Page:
CALL FOR PAPERS
Concepts - Challenges - Evaluations
University College Dublin & National University of Ireland Maynooth
02-04 September 2010
Intercultural Competence has increasingly become an issue in second language acquisition over the last two decades. The concept has been broadly welcomed by theoreticians and practitioners alike and has become an integral part of most 21st century foreign language curricula around the world, but it has also been challenged from various positions. Being quite vague and oscillating, the concept of Intercultural Competence is open to a wide variety of interpretations and adaptations; it has become a shibboleth for many of those engaged in second language teaching, curricular planning and educational policies. Although it is difficult not to be in favour of fostering Intercultural Competence in foreign language learning, in whatever form and shape, there are still open questions as to the precise conceptualisation of Intercultural Competence and its constitutive components, ways of conceptualising and implementing the teaching/learning process and forms of assessment and evaluation.
The conference aims to critically address these problems with the following focal questions
What exactly is competence?
How can Intercultural Competence be defined (e.g. against concepts like cross-cultural competence, multicultural competence, trans-cultural competence, critical cultural awareness, intercultural sensitivity and intercultural communicative competence)?
Is the concept of Intercultural Competence mainly a cognitive phenomenon, or does it include psychological traits such as attitudes, affective aspects and constructions of identity?
What does the acquisition of such competence entail, particularly for learners of a foreign language?
Can the acquisition of Intercultural Competence be conceptualised independent of the process of learning a foreign language, or are the two inextricably linked?
Can synergies be developed between academic fields which operate with the concept of Intercultural Competence (e.g. economics, social psychology, pedagogy, contrastive linguistics, didactics of foreign language teaching/learning)?
Can one conceptualise the acquisition of intercultural competence as a progressive or developmental process?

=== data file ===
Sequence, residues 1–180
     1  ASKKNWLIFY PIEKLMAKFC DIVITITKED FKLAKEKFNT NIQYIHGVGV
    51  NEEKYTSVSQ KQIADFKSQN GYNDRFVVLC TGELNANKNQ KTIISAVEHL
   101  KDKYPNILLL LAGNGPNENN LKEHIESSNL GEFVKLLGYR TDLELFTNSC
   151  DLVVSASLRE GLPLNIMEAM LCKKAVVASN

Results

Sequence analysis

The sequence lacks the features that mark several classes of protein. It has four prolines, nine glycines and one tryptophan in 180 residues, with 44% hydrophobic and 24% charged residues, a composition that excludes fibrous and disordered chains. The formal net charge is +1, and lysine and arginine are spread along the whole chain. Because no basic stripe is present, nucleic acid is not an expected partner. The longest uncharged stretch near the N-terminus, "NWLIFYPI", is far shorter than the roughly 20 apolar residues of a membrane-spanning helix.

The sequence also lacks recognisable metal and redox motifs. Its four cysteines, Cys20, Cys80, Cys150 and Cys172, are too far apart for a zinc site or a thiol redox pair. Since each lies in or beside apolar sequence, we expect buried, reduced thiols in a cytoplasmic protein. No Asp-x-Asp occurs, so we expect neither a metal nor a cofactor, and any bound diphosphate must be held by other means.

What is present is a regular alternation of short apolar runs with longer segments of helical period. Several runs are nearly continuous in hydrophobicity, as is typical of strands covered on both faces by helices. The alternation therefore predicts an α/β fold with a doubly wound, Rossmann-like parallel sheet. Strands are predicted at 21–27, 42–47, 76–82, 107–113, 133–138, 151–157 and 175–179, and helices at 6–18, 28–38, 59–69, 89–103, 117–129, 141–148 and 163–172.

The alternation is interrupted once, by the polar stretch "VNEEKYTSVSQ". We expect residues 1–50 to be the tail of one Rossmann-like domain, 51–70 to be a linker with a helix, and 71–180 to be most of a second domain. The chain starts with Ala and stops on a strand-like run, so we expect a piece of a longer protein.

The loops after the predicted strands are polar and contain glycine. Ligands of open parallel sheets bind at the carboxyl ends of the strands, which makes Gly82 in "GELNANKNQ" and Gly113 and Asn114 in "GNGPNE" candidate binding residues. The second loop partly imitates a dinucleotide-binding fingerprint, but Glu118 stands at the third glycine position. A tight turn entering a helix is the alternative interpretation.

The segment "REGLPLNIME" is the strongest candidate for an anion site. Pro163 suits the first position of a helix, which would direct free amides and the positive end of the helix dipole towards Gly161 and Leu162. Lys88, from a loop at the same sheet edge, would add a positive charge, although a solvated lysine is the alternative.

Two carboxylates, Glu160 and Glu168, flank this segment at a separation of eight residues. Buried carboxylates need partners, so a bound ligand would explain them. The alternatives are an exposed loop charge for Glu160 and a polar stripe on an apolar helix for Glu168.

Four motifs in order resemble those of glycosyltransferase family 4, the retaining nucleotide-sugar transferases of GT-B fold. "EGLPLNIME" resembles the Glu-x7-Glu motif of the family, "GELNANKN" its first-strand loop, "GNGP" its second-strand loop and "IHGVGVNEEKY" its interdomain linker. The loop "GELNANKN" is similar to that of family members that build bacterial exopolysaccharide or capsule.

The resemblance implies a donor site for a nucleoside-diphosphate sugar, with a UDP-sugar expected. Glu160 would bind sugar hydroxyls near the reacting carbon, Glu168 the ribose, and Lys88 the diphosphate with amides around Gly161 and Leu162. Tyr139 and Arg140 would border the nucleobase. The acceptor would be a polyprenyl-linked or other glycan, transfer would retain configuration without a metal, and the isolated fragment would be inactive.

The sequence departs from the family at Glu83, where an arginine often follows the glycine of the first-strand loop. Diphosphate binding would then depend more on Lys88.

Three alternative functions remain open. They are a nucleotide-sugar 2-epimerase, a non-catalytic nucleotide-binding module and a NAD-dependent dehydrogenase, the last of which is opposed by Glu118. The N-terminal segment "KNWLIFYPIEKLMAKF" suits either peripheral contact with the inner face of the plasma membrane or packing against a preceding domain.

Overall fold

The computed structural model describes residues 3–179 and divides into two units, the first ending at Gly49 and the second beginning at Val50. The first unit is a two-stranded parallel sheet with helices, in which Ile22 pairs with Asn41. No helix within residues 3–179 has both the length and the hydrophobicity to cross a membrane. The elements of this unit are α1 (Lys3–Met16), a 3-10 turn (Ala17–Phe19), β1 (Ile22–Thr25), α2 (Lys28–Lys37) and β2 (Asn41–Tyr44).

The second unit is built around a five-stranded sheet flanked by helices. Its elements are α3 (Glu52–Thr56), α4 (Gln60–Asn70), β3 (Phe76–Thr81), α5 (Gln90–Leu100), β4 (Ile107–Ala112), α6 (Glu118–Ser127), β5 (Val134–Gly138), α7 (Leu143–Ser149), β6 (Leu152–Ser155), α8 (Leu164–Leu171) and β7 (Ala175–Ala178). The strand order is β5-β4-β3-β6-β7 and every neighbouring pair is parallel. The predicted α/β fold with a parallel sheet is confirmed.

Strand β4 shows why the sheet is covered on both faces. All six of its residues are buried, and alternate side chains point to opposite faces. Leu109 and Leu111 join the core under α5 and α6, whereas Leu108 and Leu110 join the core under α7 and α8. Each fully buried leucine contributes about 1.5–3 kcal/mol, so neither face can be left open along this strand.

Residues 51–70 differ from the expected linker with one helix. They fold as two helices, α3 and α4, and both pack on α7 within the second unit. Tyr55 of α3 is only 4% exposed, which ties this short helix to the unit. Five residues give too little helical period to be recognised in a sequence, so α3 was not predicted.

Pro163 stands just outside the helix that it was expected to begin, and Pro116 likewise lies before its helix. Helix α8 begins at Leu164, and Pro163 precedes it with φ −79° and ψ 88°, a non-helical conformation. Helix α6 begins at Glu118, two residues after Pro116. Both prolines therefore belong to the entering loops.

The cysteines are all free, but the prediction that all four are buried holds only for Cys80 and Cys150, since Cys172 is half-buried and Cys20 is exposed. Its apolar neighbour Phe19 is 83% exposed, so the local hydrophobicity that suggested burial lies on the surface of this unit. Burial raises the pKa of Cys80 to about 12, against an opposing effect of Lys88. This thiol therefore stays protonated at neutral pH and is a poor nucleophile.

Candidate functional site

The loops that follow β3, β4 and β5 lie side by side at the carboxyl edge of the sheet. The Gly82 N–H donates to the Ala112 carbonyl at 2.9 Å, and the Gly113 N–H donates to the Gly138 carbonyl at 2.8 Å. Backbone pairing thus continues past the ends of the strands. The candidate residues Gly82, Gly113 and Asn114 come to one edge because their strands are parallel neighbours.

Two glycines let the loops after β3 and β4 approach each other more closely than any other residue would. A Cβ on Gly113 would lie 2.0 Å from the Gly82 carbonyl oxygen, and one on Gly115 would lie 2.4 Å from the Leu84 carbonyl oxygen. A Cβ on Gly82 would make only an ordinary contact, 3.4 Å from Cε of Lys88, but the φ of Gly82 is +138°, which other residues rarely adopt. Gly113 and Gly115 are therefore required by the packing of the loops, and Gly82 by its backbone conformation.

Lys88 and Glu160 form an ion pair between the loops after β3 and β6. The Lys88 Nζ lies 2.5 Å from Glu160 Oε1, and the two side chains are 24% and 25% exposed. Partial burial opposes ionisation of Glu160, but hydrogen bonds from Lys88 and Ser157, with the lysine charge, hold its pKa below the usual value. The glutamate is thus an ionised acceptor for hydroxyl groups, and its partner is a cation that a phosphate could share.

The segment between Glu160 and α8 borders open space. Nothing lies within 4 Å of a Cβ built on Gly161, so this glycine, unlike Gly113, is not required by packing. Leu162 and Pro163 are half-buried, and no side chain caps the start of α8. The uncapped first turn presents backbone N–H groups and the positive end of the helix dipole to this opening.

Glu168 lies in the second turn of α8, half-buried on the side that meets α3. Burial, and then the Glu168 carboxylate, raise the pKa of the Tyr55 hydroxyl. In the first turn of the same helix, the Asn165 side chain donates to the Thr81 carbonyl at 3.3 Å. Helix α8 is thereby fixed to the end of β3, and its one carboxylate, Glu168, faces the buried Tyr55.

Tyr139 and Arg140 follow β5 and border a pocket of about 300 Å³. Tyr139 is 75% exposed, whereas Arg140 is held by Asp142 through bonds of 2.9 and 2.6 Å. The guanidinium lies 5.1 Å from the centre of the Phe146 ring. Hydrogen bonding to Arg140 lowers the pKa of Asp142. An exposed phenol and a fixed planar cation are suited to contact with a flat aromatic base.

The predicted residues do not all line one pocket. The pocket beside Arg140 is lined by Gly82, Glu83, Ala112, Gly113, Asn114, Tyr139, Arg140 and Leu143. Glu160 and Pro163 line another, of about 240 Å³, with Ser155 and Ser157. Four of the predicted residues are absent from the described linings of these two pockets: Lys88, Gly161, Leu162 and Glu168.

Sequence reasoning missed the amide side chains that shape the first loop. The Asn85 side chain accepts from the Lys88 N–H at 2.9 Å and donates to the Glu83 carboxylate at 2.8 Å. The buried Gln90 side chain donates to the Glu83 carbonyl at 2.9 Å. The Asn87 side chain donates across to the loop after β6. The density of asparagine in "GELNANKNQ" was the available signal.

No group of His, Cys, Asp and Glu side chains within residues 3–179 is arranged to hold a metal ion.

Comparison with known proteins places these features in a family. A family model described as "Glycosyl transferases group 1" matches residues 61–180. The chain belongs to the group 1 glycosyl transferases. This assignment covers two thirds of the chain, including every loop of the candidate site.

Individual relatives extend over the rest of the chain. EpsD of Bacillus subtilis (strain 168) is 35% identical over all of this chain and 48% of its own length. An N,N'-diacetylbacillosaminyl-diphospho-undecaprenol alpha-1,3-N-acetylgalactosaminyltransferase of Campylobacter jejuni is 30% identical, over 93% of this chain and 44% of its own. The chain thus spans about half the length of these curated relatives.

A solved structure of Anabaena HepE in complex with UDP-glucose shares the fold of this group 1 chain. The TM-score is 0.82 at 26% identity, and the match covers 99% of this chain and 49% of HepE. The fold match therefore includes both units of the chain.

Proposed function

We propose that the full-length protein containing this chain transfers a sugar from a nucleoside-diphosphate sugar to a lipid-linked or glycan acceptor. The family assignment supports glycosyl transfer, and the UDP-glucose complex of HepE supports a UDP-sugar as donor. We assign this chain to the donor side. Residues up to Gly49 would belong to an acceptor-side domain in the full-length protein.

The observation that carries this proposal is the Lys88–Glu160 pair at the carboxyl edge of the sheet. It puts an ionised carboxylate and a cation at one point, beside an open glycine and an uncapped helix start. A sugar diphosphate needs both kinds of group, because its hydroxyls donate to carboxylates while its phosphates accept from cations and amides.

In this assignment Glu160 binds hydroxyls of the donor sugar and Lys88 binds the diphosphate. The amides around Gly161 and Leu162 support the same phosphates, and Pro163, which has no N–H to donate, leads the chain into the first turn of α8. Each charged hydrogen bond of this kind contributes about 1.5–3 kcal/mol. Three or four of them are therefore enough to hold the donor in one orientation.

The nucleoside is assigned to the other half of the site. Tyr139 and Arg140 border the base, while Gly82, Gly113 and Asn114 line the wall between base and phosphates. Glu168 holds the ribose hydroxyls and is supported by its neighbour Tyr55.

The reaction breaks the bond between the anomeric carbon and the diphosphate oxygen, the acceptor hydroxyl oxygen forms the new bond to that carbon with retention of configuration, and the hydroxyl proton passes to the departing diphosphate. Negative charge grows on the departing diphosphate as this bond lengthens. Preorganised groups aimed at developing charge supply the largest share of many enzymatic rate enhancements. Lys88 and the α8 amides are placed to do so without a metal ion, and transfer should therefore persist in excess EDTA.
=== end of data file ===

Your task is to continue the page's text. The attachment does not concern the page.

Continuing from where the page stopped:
Does the concept of Intercultural Competence operate with essentialist and hence reductive categories (e.g. monolithic and simplistic conceptualisations of culture)?
Is it possible to teach Intercultural Competence in the foreign language classroom, or is it rather a question of learning and individual experience?
Which processes facilitate intercultural learning?
How are intercultural experiences processed by the learner?
If Intercultural Competence can be taught in a classroom situations, do the various limitations not inevitably lead to stereotyping and reductive procedural suggestions?
Is the classroom with its specific organisational peculiarities the most conducive environment to the teaching and learning of intercultural competence?
What is the role of language(s) in the development of Intercultural Competence?
What role can learning foreign languages in schools play in the acquisition of intercultural competence?
Should language teachers focus on teaching language as a system and ignore vague psychological constructs like Intercultural Competence?
Can (or should) Intercultural Competence be assessed, and if so, how?
Are there cross-culturally stable instruments available for measuring and assessing Intercultural Competence?
Are there language programmes in existence which show the usefulness of integrating elements of Intercultural Competence?
Is there empirical evidence that individuals have benefited in terms of Intercultural Competence from the exposure to a particular kind of teaching?
Is there evidence of a progression in the acquisition of Intercultural Competence?
Are there strategies within the framework of institutional language teaching which allow for the creation of a type of intercultural competence that goes beyond stereotyping?
How do intercultural experts (and/or students) conceptualise and evaluate their personal intercultural learning process?
How can teaching about intercultural topics be planned and conducted?
Abstracts (of 300 words maximum) should be sent to one of the contact persons to arrive no later than Wednesday, 31 March 2010.
Prof. Dr. Theo Harden
School of Languages and Literatures
University College Dublin
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Dr. Arnd Witte
Senior Lecturer & Head
Department of German
National University of Ireland Maynooth
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